Nearshore Americas

Outlook for Nearshore Contact Center Outsourcing: Strong and Getting Stronger

After several years of stagnant growth, contact center outsourcing in the US and Americas is now poised for a significant upswing. Given the prediction by business & technology analysis firm Ovum, contact center outsourcing by US and Canadian companies should increase at a compound annual growth rate (CAGR) of about 3 percent between 2011 and 2016.

“This is significantly in excess of the 1.5 to 2 percent CAGR we were seeing for the past several years,” said Peter Ryan, Ovum Practice Leader for Outsourced Services, during a recent interview with Nearshore Americas. Last year, Ovum forecast said North American contact center outsourcing might increase at a CAGR of 2 percent from 2010 through 2016.

Ryan said contact center outsourcing by North American companies began dipping during the global economic turmoil of 2009, but recent improvements in the global economy are helping spur new growth. “There is more interest in North America,” he said. “More economic activity is driving calls to contact centers, which increases the stress on the pipeline.”

Though Ryan believes that current political and public pressure on US-based companies to keep jobs onshore is creating a greater interest in domestic contact center development. He expects that may change once the election is over.

Good News for Mexico

“This is a good news story for nearshore providers,” said Ryan. He gave the example of the Mexican contact center outsourcing industry, which Ovum predicted will report a CAGR of 6.4% between 2011 and 2017, up substantially from the 5.5% CAGR previously forecast for 2010 through 2016. This is an improvement from a “comedown” the market for Mexican contact center services has experienced in recent years.

Mexico is “well-known” among North American companies for having strong bilingual capability

“Ninety percent of the comedown in the Mexican market was due to the negative impact of bad news about Mexico’s drug wars and unsafe borders,” Ryan said. “This was pushing work away from Mexico and toward providers in other nearshore countries like El Salvador, Nicaragua, and Colombia. However, this year we noted a pickup in interest in Mexico.”

Ryan attributed this improvement in the prospects for Mexican-based nearshore contact center outsourcing to several factors. “Capacity in Central America is limited,” he explained. “There is contact center saturation in El Salvador, Nicaragua and Guatemala, and Honduras will not have a mainstream contact center industry anytime soon. Colombia has taken some business away but is struggling with bilingual services.”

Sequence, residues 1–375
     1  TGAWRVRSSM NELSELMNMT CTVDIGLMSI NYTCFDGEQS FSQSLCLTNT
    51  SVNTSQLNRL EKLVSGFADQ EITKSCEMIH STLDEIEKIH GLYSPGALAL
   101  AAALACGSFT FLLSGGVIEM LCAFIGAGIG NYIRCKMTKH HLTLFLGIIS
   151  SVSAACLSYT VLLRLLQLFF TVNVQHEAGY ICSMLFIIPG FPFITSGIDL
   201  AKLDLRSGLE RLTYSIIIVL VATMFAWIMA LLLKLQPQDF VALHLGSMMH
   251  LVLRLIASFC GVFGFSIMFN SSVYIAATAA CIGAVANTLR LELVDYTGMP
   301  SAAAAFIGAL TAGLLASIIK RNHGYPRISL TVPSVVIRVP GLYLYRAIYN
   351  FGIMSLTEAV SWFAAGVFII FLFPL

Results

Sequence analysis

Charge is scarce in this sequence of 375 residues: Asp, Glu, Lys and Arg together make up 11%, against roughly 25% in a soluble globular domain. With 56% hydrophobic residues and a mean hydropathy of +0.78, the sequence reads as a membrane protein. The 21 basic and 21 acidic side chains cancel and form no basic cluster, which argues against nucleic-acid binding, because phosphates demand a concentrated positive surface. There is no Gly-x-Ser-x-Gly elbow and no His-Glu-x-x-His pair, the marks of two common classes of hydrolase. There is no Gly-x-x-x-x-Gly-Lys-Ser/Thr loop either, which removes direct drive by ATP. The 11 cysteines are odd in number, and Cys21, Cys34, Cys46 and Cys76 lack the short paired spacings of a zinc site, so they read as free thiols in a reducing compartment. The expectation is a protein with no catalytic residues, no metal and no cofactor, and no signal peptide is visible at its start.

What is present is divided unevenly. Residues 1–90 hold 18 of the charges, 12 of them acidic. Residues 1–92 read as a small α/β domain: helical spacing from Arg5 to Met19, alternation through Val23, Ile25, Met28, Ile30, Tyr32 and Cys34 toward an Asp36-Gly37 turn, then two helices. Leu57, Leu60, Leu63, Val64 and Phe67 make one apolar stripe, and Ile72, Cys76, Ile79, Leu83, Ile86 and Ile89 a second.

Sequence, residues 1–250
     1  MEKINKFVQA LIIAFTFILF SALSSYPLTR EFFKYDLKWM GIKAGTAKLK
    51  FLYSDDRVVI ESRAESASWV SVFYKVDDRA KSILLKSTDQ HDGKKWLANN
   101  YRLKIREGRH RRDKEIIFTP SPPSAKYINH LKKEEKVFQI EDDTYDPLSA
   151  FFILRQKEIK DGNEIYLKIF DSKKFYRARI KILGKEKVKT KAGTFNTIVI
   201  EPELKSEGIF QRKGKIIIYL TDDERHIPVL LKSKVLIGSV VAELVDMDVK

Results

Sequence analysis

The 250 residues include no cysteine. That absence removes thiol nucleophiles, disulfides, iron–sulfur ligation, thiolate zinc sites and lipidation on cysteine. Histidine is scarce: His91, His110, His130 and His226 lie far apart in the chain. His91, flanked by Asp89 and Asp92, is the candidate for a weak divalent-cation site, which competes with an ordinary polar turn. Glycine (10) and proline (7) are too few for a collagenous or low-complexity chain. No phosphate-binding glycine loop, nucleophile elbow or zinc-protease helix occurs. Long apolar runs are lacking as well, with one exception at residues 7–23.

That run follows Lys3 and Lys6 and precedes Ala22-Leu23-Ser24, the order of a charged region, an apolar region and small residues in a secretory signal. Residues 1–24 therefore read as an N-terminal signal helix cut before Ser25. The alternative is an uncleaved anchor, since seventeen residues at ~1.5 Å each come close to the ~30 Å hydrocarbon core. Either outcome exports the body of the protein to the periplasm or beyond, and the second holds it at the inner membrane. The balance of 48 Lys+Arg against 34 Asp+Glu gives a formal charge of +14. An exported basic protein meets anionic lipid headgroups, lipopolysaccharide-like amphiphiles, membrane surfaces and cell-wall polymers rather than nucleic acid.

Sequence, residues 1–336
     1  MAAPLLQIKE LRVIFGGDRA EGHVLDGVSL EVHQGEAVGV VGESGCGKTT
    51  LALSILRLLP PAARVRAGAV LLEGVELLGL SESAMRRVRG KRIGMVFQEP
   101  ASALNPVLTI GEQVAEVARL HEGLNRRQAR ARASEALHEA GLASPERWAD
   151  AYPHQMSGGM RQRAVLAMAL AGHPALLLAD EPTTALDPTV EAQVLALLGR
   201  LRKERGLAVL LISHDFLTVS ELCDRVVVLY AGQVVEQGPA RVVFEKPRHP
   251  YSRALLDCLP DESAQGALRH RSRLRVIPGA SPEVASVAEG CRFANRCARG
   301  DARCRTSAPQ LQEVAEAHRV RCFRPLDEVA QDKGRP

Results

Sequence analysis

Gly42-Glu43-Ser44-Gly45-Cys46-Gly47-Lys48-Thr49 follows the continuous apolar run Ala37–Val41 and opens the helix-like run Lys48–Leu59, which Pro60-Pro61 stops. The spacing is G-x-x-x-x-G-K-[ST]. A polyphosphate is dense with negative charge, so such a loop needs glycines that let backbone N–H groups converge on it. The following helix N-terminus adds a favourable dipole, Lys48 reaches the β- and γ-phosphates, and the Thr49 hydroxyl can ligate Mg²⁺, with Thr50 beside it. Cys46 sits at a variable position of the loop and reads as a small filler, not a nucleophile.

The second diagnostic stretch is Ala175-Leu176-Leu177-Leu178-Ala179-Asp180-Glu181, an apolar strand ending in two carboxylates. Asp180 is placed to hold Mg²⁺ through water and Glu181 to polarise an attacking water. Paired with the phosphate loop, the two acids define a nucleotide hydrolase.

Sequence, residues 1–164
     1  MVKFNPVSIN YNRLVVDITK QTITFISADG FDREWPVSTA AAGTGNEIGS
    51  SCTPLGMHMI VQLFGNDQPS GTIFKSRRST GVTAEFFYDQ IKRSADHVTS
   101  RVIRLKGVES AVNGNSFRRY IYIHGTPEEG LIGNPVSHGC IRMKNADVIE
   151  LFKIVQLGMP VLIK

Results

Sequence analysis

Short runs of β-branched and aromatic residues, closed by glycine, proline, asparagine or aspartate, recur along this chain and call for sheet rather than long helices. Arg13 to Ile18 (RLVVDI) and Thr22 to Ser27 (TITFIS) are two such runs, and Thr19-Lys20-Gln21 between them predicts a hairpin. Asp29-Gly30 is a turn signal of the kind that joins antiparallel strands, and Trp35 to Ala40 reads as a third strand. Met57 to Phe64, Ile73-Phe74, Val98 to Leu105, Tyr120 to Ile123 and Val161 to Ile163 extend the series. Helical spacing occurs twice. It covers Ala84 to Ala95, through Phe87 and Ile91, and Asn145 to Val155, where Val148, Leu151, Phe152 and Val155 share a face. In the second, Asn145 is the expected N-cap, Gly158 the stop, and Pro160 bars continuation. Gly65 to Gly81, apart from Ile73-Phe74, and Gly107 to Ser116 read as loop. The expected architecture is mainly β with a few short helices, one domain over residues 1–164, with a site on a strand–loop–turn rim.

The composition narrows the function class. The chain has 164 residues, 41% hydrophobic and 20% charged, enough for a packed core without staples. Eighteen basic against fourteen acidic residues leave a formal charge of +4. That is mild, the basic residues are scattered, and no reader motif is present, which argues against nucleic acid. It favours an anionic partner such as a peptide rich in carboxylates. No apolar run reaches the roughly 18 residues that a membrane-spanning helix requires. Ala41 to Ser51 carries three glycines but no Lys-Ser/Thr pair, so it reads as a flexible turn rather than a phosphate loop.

In contrast, Ryan said Mexico is “well-known” among North American companies for having strong bilingual capability. In addition, he noted that Mexico is a “huge country” and that most contact center activity takes place far away from areas plagued by drug violence. Ryan said Brazil also has similar nearshore contact center outsourcing market with a potential to grow significantly in the years ahead.

Argentina – Lone Trouble Spot

Ryan singled out Argentina, saying it is the only “bad news story” among nearshore contact center destinations. “The government is anti-commerce and anti-outsourcing, and has not taken the concerns of the BPO industry seriously,” he said. “Inflation is huge problem that goes beyond official government statistics.”

Sign up for our Nearshore Americas newsletter:

According to Ryan, the economic and political situation in Argentina has largely stopped most US companies from outsourcing contact center services there, and even domestic contact center services clients are starting to shift their business to nearby Latin American destinations such as Peru. “It was inconceivable as recently as four or five years ago for a non-Argentinean contact agent to be serving an Argentinean caller,” Ryan said.

Although the prospects for the nearshore contact center outsourcing industry look bright, Ryan cautioned they are based on current positive economic trends and may be subject to change. For example, another European debt crisis or an economic slowdown in major developing markets could scale back Ovum’s latest predictions.

Dan Berthiaume

Add comment